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Youth key to halting epidemic
Saturday 25 December 2004
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ANGOLA: Youth key to halting epidemic

[This report does not necessarily reflect the views of the United Nations]

©  Dawn Soisson

Young Angolans have almost all the risk factors associated with the spread of AIDS

LUANDA, 1 December (PLUSNEWS) - Angola, which has maintained a relatively low rate of HIV infection, could see an exponential spreading of the virus if it did not act quickly to educate its youth, according to a new report.

Young Angolans have almost all the risk factors associated with the rapid proliferation of the epidemic, said a joint UN Children's Fund (UNICEF), Populations Services International and USAID study.

These factors include low levels of education, multiple partners, one of the world's lowest ages for sexual debut, low condom use, one of the world's highest fertility rates and a high poverty index.

"Angola now faces a battle far larger than any confronted during 40 years of conflict," said UNICEF's Angola representative, Mario Ferrari, in a press release obtained by IRIN on Wednesday, World Aids Day. "All sectors of society must recognise that tackling AIDS in Angola means preventing HIV infection among youth."

Around a million people were killed during Angola's 27-year civil war and millions more were displaced. With an official HIV infection rate of 5.5 percent, health workers have said that, paradoxically, the conflict may have slowed down the spread of the virus by halting the movement of people.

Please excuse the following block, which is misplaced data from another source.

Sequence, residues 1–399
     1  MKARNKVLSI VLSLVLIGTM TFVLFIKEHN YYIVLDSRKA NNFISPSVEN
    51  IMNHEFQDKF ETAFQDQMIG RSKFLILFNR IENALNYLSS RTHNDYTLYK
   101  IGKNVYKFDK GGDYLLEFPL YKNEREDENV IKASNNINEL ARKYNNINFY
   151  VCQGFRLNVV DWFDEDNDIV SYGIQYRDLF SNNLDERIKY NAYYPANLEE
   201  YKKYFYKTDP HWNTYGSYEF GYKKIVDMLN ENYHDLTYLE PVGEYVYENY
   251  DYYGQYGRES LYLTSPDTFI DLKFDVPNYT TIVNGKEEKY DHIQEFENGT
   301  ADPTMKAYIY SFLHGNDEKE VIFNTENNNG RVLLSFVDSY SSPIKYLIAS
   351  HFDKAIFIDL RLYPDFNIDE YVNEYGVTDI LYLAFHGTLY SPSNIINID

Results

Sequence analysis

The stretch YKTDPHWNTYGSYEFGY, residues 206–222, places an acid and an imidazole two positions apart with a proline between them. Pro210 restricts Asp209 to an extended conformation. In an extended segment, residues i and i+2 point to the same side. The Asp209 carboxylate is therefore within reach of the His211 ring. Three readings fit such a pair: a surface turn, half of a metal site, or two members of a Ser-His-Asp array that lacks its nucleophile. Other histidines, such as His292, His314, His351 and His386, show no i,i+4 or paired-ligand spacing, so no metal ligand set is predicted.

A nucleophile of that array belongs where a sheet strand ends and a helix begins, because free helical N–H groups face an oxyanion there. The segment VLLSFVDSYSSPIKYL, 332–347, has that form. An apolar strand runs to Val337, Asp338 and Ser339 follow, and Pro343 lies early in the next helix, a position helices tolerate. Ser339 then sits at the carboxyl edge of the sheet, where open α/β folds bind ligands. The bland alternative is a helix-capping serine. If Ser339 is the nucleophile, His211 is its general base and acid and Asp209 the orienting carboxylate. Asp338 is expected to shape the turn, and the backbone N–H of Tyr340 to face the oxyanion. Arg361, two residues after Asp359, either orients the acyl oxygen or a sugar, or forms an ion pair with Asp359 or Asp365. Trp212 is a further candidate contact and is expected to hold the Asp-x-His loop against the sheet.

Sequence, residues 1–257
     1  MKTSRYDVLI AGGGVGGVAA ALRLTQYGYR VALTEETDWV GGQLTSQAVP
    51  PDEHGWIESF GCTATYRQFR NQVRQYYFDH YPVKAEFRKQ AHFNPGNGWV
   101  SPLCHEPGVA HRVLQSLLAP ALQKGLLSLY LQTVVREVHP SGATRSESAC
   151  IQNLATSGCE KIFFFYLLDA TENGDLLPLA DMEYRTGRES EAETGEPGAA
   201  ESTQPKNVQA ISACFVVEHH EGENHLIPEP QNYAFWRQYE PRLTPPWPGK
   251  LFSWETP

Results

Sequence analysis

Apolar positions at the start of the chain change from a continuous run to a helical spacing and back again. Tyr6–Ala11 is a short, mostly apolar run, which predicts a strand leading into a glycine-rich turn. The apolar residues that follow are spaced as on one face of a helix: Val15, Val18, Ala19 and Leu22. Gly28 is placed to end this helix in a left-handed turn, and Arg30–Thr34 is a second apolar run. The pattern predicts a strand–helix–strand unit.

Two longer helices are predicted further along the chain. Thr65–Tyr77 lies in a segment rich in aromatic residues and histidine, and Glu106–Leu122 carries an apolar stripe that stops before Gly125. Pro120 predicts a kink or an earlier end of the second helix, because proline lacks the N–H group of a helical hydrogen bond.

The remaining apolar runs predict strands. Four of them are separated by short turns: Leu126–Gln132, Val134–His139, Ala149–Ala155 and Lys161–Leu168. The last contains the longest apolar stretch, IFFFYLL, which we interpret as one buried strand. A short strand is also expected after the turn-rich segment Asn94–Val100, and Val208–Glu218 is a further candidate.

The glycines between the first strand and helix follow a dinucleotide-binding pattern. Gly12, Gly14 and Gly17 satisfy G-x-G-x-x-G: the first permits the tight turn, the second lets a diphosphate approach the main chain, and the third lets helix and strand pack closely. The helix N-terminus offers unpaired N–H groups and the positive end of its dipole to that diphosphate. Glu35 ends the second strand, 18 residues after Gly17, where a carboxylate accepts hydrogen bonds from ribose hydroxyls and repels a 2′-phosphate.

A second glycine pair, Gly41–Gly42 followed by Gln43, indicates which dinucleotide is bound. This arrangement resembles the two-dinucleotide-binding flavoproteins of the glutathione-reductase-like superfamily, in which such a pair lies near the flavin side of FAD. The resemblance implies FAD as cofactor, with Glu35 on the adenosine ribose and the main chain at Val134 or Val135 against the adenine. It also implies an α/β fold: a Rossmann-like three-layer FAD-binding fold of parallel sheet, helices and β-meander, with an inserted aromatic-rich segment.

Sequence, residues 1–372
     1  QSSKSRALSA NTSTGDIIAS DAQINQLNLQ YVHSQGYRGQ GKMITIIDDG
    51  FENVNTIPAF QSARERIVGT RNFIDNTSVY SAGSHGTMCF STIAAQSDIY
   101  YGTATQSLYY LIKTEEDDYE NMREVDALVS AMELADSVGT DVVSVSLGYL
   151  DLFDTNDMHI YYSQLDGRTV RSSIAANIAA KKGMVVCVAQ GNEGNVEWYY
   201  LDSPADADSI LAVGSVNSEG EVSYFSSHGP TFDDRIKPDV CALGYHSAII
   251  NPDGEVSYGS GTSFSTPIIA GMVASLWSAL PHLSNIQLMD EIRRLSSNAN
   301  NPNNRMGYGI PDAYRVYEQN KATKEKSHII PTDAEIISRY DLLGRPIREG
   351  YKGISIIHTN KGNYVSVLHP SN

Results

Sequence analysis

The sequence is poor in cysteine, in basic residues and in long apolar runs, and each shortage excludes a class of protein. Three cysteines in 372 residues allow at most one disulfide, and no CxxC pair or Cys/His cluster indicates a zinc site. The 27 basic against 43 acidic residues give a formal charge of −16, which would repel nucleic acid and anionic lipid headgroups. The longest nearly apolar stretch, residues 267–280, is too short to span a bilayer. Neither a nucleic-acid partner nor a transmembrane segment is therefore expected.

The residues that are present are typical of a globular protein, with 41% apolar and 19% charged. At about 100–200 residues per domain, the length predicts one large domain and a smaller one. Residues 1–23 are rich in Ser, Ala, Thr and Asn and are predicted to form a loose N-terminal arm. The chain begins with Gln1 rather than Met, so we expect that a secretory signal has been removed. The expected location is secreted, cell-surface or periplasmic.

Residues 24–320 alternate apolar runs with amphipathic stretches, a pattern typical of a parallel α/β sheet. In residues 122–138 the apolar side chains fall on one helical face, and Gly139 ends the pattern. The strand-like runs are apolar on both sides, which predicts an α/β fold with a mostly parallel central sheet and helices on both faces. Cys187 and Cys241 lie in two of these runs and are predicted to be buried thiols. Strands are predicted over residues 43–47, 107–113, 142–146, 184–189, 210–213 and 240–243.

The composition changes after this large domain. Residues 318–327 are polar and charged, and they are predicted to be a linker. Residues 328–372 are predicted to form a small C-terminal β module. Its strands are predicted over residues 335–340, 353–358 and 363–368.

Now, almost three years after a peace accord was signed between the government and UNITA rebels, millions of people have returned home and Angolans are on the move again throughout their country.

Health workers have said that 2005 may be the final window of opportunity if Angola is to avoid the disaster the epidemic has wreaked in nearby countries.

The study, entitled 'Sexual Knowledge, Attitudes and Behaviour', surveyed 10,500 urban youth aged 14 to 24. It showed that nearly 70 percent of sexual activity among young people was unprotected, 43 percent had had sex by the age of 15, and over one-third of young males had slept with two or more partners in the previous three months.

It also revealed that 90 percent of respondents were unable to name all three principal ways of avoiding HIV, 42 percent of youth were completely unconcerned, or only a little worried, about catching the virus, and the average age of casual partners for girls aged 24 was 39.

But, suggesting that it was not too late to act, the report said that when well informed, youth were quick to change their behaviour patterns.


Recent ANGOLA Reports
US assists military with HIV/AIDS plan,  14/Dec/04
HIV infection rate for pregnant women at 2.8 percent,  3/Dec/04
Cabinda slowly waking up to HIV/AIDS,  26/Oct/04
Empowering young people to prevent HIV/AIDS,  20/Oct/04
HIV/AIDS plan moving "too slowly",  30/Aug/04
The Global Fund to fight AIDS, Tuberculosis & Malaria
Youth against AIDS
Making A difference for Children Affected by AIDS
Children and AIDS International Non-Government Organisation Network (CAINN)

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